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"Skull" or "Skull and Roses" is a table top game. The rules can be found here.

I was thinking of how I could play this game P2P. At first it seemed easy: Each time I had to place a card face down I would make a choice hash it, send it to my opponent, and then when it needed to be checked you could give out your answer and it could be verified by hashing it. The problem is that without all players revealing all of their card at the end of a round, there is no way to verify that someone didn't put down more than one skull, or put down more roses than they had. This problem seems like a simplified version of mental poker to me, so I am hoping someone with more knowledge on the subject would know how to play this game without a trusted third party.

In case the link provided goes dead here is a synopsis of the rules: Each player gets a hand of 4 cards: 3 rose cards and 1 skull card. At the start of each hand each player places one card from their hand face down. Next players take turn place another card from their hand face down on top of their previously placed cards. When it is your turn instead of placing another card face down you are also allowed to "challenge". To challenge you announce a number of less than or equal to the number of cards placed down. You now enter a new phase of the game where players take turns naming larger and larger numbers until someone either decides to "pass" (not naming a larger number), or someone names a number equal to the number of face down cards. When the "challenge" phase is over the last player to call a number has to flip over that many cards. If the player flips over a skull he has to discard a rose card for the rest of the game, however if he does not flip over a skull card, he gets a point. Everyone now collects the cards they played face down, and a new round begins. First player to two points wins.

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  • $\begingroup$ Could you please include a description of the game in the question? Both to make it self-contained as well as to protect against link rot. $\endgroup$ – Maeher Jan 21 at 8:54
  • $\begingroup$ Do you want to prevent the players from making an illegal move or is it sufficient that they are caught after the round is over? $\endgroup$ – Maeher Jan 21 at 9:03
  • $\begingroup$ Preventing them from making an illegal move is preferable, but I think it's sufficient if they are caught when the round is over. $\endgroup$ – Julian Jan 21 at 9:15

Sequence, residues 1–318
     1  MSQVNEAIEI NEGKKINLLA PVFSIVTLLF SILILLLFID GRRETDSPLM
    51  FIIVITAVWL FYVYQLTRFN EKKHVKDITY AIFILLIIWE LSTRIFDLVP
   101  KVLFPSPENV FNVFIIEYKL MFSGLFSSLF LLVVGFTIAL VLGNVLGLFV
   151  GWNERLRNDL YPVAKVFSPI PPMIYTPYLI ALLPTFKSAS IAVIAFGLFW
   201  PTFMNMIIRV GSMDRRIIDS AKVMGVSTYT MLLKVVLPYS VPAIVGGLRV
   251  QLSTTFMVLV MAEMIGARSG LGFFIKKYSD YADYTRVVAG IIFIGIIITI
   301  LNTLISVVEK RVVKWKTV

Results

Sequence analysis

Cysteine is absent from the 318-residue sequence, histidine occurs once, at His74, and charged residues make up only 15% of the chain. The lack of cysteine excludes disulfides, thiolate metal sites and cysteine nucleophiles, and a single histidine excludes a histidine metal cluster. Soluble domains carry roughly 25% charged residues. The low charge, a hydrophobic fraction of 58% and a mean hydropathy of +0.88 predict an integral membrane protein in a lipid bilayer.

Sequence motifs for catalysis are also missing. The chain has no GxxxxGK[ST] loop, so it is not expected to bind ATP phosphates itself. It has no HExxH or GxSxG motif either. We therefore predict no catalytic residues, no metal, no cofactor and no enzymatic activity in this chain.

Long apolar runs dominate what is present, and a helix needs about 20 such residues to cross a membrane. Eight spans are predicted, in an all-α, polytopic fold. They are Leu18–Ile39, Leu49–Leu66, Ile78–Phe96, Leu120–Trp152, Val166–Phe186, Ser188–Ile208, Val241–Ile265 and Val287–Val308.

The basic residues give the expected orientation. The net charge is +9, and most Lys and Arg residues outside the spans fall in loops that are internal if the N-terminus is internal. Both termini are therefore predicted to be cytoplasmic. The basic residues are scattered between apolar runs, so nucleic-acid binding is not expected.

• $\begingroup$ I'm not sure if I'm missing something. But basically you need every player to post their intent secretly as a hash proof before each round, and after the round there's a revealing phase where every hand needs to be checked against the initial proof. Is that right? $\endgroup$ – Veilkrand Jan 24 at 8:54
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Assuming that it's sufficient to catch a cheating player after the round is over, this seems trivial to implement using only bit commitments.

Let $\mathsf{Com}$ be a bit commitment scheme.

At the beginning of each round:

Each player $P_i$ chooses a random index $j\gets \{1,2,3,4\}$, computes $$ c_i^k := \begin{cases}\mathsf{Com}(0)&\text{if } k\neq j\\ \mathsf{Com}(1)&\text{if } k= j\end{cases} $$ for $k\in \{1,2,3,4\}$, and publishes $(c_i^1,c_i^2,c_i^3,c_i^4)$. These commitments represent their randomly shuffled cards.

**Placing cards:* Whenever a player wants to play a card, they simply broadcast an index $k$. This signifies that they placed the card represented by $c_i^k$.

Flipping cards: When the player who won the challenge wants to flip a card, the player who played it simply opens the corresponding commitment.

Once the game has concluded, everyone opens all of their commitments and it can be checked that they indeed committed to exactly one $1$ and three $0$s.

If you want to catch cheating players immediately, you can add a non-interactive zero knowledge proof to the first message, pricing that the commitments are to exactly one $1$ bit and three $0$s.

The hiding property of the commitment scheme should prevent anyone from knowing any (but their own) placed cards, while binding prevents players from opening cards they did not play.

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  • $\begingroup$ Where can I find more information on writing an implementation of this kind of "non-interactive zero knowledge proof" $\endgroup$ – Julian Jan 24 at 3:54
  • $\begingroup$ I'm also curious what type of bit commitment scheme you would recommend for a practical implementation. $\endgroup$ – Julian Jan 29 at 2:54

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